Day Trip to Sublice

Mark De Cristo

It was our last day teaching in Frankfurt. We had been there for two weeks, working the intensive English courses for newly hired German employees, eight teaching hours a day, five days a week. Too much, most teachers would say, and rightly so. But we needed the money, so we agreed, took the company car, and made the trek each morning from Berlin to the frontier with Poland, heading back again in the evening. [Read more…]

Half-Light and Whispers

Gabriel Olearnik

Twilight is the most beautiful season of the day
Where heavy light clots like milk across the seams
Of stones warmed by the touch of sun
Shapes and shadows fray and spill and run
Spreading orange moons across the pavement
And ashed, reverent dust betrays itself
To cautious breath from incensed city rises. [Read more…]

Of the Knowledge of Good and Evil

Amanda Glass

I think our passage cannot be more plain
to eyes not earthly; and I think they smile
in ways which need no lips, when we attain
our little heights of thought, and pause, beguiled
by glimpses of far brighter realms beyond.
Like children in strange countryside, we cling
together, all-confiding, close and fond,
and with the grace of youth and joy we fling
our baubles—pealing laughter, glances clear
and heady, sweet air-kisses born of souls
which meet from shining eyes. For here
and now we can be lavish—time’s grim tolls
have not yet wrecked our readiness to give
ourselves without reserve. [Read more...]

Quid Est Veritas?

J.B. Toner

But how can I be happy, when I know
   Each hour I add a sin-weight to His load
   As he goes reeling up the Sorrow-Road
To grim Golgotha where the ravens go?
But how can I be sad, when I know well
   He died for us, to bring us lasting joy—
   He bled and suffered, sadness to destroy,
And hush the haunting threnodies of Hell?
Ah, Lord, Thy wisdom brims with mystery,
With beauties that it scalds the eyes to see,
  With healing that can cut us like a knife;
I understand the crowning irony:
That Pilate questioned, "What is truth?" of Thee,
   Who art, Thyself, the Way and Truth and Life!

J.B. Toner is a graduate of the school of hard knocks.


K.K. Adams

I sit in sullen silence
on the sofa, curled up,
at every rustle and stir
from the bedroom
if you are coming
to find me,
so like a child
crouching behind a hedge
in a game
of hide and seek. [Read more…]

The Builders

Gabriel Olearnik

Come up and take them.

–Leonidas, king of Sparta, when asked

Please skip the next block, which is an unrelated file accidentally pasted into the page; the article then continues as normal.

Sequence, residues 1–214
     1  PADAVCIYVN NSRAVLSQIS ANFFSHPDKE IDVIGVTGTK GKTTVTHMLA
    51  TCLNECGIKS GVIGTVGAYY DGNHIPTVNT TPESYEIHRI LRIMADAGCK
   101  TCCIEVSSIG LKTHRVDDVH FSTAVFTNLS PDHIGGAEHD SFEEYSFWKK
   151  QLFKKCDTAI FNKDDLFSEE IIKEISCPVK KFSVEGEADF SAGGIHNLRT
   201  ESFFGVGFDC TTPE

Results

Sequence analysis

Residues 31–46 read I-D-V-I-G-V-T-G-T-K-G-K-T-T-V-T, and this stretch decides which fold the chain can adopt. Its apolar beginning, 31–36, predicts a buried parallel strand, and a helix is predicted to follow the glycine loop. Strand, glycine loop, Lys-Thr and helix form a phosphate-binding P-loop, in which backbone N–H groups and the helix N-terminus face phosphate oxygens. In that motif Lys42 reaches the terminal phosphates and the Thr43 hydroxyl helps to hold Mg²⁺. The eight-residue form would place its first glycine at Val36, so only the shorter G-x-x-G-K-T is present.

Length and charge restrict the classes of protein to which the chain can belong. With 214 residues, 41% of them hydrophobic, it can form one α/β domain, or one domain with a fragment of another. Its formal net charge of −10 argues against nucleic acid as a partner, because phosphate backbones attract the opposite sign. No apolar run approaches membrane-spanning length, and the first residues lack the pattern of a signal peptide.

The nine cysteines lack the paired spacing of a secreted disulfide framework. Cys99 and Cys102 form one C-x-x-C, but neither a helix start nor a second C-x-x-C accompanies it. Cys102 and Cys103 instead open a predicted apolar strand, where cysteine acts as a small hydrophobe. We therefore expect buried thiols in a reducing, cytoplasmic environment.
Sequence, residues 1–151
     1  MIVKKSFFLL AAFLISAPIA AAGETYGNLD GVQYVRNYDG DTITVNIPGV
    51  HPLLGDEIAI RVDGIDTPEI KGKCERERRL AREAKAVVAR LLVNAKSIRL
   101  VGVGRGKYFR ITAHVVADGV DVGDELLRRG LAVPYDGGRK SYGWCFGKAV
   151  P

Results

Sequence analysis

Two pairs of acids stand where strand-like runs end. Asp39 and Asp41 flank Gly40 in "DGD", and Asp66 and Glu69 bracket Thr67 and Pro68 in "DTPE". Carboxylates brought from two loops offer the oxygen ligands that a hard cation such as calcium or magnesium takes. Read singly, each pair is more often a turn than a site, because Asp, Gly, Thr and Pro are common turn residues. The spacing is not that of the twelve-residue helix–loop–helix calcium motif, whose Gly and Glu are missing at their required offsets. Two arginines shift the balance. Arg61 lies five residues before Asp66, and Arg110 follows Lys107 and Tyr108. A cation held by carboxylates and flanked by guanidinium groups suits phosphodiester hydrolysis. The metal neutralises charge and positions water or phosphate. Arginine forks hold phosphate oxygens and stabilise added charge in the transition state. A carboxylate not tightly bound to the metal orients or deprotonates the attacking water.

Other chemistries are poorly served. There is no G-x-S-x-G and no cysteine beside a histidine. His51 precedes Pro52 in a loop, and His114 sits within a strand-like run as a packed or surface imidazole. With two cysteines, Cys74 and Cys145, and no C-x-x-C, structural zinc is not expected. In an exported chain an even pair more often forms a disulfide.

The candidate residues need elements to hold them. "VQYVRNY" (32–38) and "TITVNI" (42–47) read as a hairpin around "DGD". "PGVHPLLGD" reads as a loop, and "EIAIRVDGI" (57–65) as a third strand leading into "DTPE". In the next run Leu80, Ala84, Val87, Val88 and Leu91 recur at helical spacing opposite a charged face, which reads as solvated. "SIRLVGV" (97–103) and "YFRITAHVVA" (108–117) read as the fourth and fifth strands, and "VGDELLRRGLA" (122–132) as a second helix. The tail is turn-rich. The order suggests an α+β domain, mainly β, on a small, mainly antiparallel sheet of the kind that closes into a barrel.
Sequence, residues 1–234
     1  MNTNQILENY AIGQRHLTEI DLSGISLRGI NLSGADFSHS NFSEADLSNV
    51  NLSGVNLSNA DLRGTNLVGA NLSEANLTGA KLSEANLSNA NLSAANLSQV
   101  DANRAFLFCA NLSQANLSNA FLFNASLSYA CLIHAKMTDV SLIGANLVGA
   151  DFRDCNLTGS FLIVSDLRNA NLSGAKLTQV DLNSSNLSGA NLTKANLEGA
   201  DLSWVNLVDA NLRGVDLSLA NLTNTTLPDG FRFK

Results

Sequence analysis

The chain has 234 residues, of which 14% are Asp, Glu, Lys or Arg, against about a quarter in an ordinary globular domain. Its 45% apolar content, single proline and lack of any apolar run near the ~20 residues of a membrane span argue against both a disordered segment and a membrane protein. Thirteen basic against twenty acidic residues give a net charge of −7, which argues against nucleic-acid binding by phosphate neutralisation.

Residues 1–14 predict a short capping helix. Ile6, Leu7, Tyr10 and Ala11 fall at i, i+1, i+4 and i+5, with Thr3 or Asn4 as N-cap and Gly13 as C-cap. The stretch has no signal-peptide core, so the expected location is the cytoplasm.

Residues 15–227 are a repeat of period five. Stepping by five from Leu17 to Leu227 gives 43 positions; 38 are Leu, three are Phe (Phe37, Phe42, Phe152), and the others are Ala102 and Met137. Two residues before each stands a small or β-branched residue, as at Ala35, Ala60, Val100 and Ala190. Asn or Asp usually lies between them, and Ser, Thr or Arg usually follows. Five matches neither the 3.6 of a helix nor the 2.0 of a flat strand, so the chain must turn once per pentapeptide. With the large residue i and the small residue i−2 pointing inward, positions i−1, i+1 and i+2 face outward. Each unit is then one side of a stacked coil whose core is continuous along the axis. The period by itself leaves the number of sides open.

by the Persian emperor to lay down his arms.
Battle of Thermopylae, 480 B.C.

The gate was almost finished.
In those thirsty hours, a taut rack of earth we raised
With much labor. We packed the soil with shield-butts.
Waist deep in horse-flies, we stretched our lances—
Protean, slender bronze. Our cloaks were red and wet,
The air was old and saline by the end. [Read more…]

SS. Peter and Paul 2007

Publisher’s Note


Mary Angelita Ruiz,

Richard John Neuhaus,
The Particular Imagination

Colleen Carroll Campbell,
Flannery O’Connor’s Disruptive Grace

Michael D. O’Brien,
Will Beauty Save the World?

Peter Kreeft,
Stabbing Realism and Divine Grace


Eleanor Bourg Donlon,
The Character of Magdalen Montague

J.B. Toner,
The Last Ship

Jonathan McDonald,
Happy Hills

Alaide Mata,


Gabriel Olearnik,

J.B. Toner,
Quid Est Veritas?

K.K. Adams,

Amanda Glass,
Of the Knowledge of Good and Evil

Kevin Rulo,


Mark De Cristo,
Day Trip to Slubice

Katy Carl,
Self-Gift and the Literary Vocation

Art and Prose

Matthew G. Alderman,
In Praise of Unattainable Women

Art and Photography

Whitney Wolf,

Assisi, Italy

Teresa Burkett,

Patrick Anderson,
Stored Treasure

Patrick Anderson and Janice Walker,
XP and the Tree

Janice Walker,
Fear and Trembling

Self-Gift and the Literary Vocation

Katy Carl

When you’ve grown into a Person (it’s all right; we’ve all had to do it) there’ll be some things which you’ll see better than anyone else. One of the things you’ll want to do will be to tell us about them.

– C.S. Lewis, The Great Divorce

There is a great divide among creative people today, a divide that has always existed but has become more pronounced throughout the last century and a half. Art seeks to recover itself from the stylistic extremes of modernism and postmodernism. It seeks to re-learn how to reach the larger culture while remaining true to itself. As it does this, it again faces a central dilemma. [Read more…]

Small in All

Kevin Rulo

Virgo Supercluster, all the way out.
The Local Group, thirty strong, and growing.
Galaxias, vacuous black, gaseous light.
The Solar System is not all that small.
Mother Earth is not either.
Wajir, Kenya, on a dusty hill,
In a wobbly box of a building,
Where no one’s supposed to be,
A man bent over a table whispers
Hoc est enim corpus meum.

Kevin Rulo received his MA from the Catholic University of America in Washington, D.C., where he is currently a doctoral student and an instructor of Rhetoric & Composition.

A Natural Law

Kevin Rulo

The man who gets his fill
Will never render nil
The want he did but kill.

In wanting he did seal
That want could never heal
For want is like a wheel,

A wheel that goes around
Where want is lost then found
And then tracks like a hound.

Kevin Rulo received his MA from the Catholic University of America in Washington, D.C., where he is currently a doctoral student and an instructor of Rhetoric & Composition.